Beetroot mayonnaise & home-made humus

I’ve promised another healthy recipe, so here it is.

Today, I’m sharing 2 recipes with you that are great to use as dip, accompany a salad, or use as appetizer.

For those of you who are in Belgium in December: I organise the last vegan cooking workshop of the year on December 9.

Before we switched to the healthy lifestyle, we used to enjoy appetisers all the time. It’s the kids’ favourite time as well. Or instead of cooking a full meal we would make all sorts of small tapas.

Today, we still love those moments, but the crisps, sausages, nachos with cheese dip, mini pizzas, etc. have been replaced by kale crisps, Jerusalem artichoke crisps, humus, olives, vegan dips, gluten-free crisp breads, etc.

So here is a basic recipe for humus:

  • One can of chickpeas
  • two tablespoons of tahini (sesame paste)
  • one clove of garlic
  • salt and pepper
  • olive oil (or other plant-based oil) -> quantity will depend on texture you want, so the more oil, the smoother the humus
  • A bit of lemon juice

Mix all ingredients in blender and your basic humus is ready. Now starts the creative part. I would suggest you experiment and make all kinds of humus. Because you can really vary a lot and it is so tasty!

I’ve already added some fresh parsley or coriander. When you have less time, you can add curry powder or ras-el-hanout for more taste. But you can also add beetroot, sun-dried tomatoes, walnuts, olives, or anything else that you like. It’s that easy! It’s also healthy and full of essential nutriments.

What we often do is use this home-made humus as a dip with the appetizers (served with carrots and crisp bread, for example) and then with the left-overs, we make sandwiches for lunch. Your basic sandwich spread is then the humus. On top you can add all sorts of vegetables (raw or grilled) and/or an egg (if you eat those, not for vegans!)

vegetable sandwich on plate
Photo by Daria Shevtsova on Pexels.com

 

The next quick recipe is an exquisite beetroot mayonaise that I discovered in a vegan cooking book of Marie Laforêt.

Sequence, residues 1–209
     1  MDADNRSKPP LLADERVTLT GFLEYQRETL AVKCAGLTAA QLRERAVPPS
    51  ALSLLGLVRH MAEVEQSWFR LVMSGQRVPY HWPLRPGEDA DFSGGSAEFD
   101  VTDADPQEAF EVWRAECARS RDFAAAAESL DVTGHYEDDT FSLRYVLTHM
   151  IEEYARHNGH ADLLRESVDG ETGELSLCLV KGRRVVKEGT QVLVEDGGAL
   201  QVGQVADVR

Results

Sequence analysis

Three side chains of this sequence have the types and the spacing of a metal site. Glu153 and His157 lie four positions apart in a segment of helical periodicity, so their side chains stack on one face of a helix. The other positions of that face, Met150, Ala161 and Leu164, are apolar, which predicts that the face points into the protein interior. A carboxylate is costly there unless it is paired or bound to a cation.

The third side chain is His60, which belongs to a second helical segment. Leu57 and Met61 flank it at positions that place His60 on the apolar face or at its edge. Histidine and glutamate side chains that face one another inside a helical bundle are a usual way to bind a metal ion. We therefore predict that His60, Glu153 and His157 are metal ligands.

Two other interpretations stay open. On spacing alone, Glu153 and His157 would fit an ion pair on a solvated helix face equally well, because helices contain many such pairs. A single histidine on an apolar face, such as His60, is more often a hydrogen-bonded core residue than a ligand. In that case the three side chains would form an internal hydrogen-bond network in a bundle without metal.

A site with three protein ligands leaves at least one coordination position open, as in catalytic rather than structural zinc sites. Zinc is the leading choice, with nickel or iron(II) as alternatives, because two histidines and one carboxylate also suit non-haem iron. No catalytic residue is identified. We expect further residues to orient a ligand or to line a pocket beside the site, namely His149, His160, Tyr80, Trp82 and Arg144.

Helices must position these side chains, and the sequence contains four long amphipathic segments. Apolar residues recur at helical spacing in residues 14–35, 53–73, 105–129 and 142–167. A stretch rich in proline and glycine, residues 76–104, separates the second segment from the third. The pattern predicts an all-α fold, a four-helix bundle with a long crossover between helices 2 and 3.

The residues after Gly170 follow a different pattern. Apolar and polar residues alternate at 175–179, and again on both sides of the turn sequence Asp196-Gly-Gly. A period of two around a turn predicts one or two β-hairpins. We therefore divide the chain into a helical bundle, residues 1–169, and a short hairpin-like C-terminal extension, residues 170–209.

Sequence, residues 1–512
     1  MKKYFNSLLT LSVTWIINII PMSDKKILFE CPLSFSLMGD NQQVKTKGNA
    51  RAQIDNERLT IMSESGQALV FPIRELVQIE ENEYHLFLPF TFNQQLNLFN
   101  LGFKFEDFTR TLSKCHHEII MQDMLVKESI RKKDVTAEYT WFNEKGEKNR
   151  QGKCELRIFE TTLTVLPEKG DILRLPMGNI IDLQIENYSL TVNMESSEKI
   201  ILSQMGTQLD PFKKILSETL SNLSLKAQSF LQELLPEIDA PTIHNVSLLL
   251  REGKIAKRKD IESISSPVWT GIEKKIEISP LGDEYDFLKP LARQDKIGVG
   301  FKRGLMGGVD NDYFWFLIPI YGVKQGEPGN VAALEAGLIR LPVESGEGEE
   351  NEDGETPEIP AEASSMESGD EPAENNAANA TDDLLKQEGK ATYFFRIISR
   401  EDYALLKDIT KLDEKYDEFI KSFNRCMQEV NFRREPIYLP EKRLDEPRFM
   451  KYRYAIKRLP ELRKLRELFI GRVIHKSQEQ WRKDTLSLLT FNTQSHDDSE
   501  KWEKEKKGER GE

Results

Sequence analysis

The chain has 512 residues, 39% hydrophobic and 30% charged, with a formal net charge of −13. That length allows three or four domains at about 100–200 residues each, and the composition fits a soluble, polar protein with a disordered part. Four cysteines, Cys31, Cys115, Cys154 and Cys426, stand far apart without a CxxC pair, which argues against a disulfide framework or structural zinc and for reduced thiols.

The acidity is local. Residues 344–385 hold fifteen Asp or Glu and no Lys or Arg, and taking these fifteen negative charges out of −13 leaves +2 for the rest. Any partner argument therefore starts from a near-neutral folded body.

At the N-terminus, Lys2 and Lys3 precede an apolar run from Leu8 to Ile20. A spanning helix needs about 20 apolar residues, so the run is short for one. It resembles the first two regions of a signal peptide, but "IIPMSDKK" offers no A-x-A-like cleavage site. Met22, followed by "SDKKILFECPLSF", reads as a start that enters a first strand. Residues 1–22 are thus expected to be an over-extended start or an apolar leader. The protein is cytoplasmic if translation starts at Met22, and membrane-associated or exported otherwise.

And what a discovery! Because our eating habits are shifting more and more and it’s always finding new recipes and getting accustomed to our new lifestyle.

To give you a quick summary of what my family’s been through over the past 10 years:

Our first phase was to reduce as much processed foods, junk food and GMO’s as possible. And because my children and I we don’t digest milk well, we have been on plant-based milk for years, but my husband only stopped drinking cow’s milk about 2 to 3 years ago.

But when I got pregnant from Arthur (our first-born son, who is now 9 years old), I got diabetes. I was hungry all the time and I kept eating unhealthy things packed with refined sugars. When I had to reduce all sugars of my diet, I felt a lot better, but I was advised very poorly by the hospital’s nutritionist, so I developed heavy oedema.

I gained 28 kilos (a lot of fluid as well). After birth I lost all of those kilos very quickly thankfully, but the nutritionist of the sports centre I went to advised me to switch to “light” products. When I read what was on the ingredients list and researched a little on the “light” products, I realised it was pure junk. So I started digging a bit more.

Anyhow, jump to a couple of years later when we moved to the country side. We then started our own vegetable garden and started eating more organically. I started baking a lot, but I noticed that gluten made me bloated, nauseated and that I quickly gained a kilo or two when eating too much gluten.

So we started eating more gluten-free, eliminating a lot of dairy products as well.

Then we realised, we were eating too much meat as well, so we reduced our meat consumption. And then in 2017, it all got a bit more drastical and extreme.